You're Such a Doll

Barbie has been around for a long time, maintaining celebrity status for over fifty years. Yet in spite of her age, not a wrinkle has formed on her face. With her continual smile, glossy blond locks, sparkling blue eyes and size two waistline, it's no wonder she attracted such a boyfriend as Ken. The couple remained together for years; touring the United States in their various RV's, cruise ships, ponies and sports cars. (Of course, Barbie is also enormously wealthy.)
As the envy of many girls, Barbie has not only become a celebrity but an icon to which women have aspired. Saying a girl “looks like Barbie” is a compliment. However, a groundbreaking 1997 edition of Health magazine concluded that appeasing the Barbie image is impossible for most women. The magazine revealed the average woman as about 5'4" and weighing approximately 145 pounds. On the other hand, Barbie's thin figure consists of being a tall 6'0" and weighing in at only 101 pounds.

Above: Barbie vs. Average Woman

It doesn't require a Ph.D to notice she is grossly underweight and possibly victim of an eating disorder. The same year Health published its article, Barbie experienced plastic surgery, resulting in a slightly expanded waist.
However noble the attempt to "reform" Barbie's body, a re-molding of the doll cannot change the way women think. It’s a fact: human beings are fools for beauty, especially women. We want the admiration that comes with being considered beautiful, no matter the cost. As I have struggled with an eating disorder, so many friends have shared with me that they are hiding the same secret, it's everywhere. Studies indicate that seven million American women have an eating disorder, and 95% of those who have eating disorders are between the ages of twelve and twenty-five. Half of girls between the ages of eleven and thirteen consider themselves overweight, and 80% of thirteen year olds have tried to lose weight. Beauty is serious business.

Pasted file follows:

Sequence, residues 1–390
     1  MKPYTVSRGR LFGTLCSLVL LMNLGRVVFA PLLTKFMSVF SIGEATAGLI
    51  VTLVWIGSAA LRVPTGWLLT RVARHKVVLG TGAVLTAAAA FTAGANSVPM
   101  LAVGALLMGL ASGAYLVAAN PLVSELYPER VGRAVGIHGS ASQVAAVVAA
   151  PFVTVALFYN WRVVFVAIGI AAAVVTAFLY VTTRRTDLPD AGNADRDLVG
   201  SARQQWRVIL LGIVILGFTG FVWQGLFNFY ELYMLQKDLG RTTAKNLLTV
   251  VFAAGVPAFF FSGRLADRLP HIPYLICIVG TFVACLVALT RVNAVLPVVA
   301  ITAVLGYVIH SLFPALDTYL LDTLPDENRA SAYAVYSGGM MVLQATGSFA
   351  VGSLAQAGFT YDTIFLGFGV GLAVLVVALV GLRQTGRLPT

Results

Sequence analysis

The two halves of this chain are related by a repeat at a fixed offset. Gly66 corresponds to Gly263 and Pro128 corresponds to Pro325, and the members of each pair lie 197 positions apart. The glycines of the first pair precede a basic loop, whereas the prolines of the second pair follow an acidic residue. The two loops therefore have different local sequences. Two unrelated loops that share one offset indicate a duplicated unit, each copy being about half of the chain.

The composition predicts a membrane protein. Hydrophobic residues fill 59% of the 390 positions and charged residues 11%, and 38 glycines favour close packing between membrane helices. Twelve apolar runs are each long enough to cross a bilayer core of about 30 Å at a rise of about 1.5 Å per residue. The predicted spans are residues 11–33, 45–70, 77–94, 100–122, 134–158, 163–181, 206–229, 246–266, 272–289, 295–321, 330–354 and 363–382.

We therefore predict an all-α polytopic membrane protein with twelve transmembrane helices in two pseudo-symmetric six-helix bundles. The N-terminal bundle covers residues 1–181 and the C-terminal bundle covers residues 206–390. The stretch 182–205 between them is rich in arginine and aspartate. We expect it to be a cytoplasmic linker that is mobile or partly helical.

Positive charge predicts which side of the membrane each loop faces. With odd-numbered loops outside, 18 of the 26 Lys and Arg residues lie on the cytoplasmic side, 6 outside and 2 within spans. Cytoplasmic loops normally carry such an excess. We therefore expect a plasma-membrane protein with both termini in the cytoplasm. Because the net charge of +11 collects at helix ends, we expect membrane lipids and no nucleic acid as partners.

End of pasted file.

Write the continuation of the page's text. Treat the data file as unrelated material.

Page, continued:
And yet despite its influence on women, beauty is not a solid thing. America’s obsession with skinny is only a recent addition to a standard of beauty which has evolved throughout the decades. For example, actresses of the 1940's and 50's sported neon red lipstick. It was classy. It was sophisticated. The fad was given a decent burial in the 1960's as a new idea of "beauty" was pursued.

Above: A vintage magazine (featuring 1930's and 40's movie star, Claudette Colbert) contrasts to the perception of beauty featured on a modern magazine cover.

Our perception of beauty fluctuates. As a result, we will not be cured by a new Barbie. Our view of beauty cannot merely be given a makeover. It must be revolutionized. In order to discover lastly, timeless beauty, we must cut down to its very definition.

Proverbs 31:30

"Charm is deceptive and beauty is fleeting, but a woman who fears the LORD is worthy to be praised."

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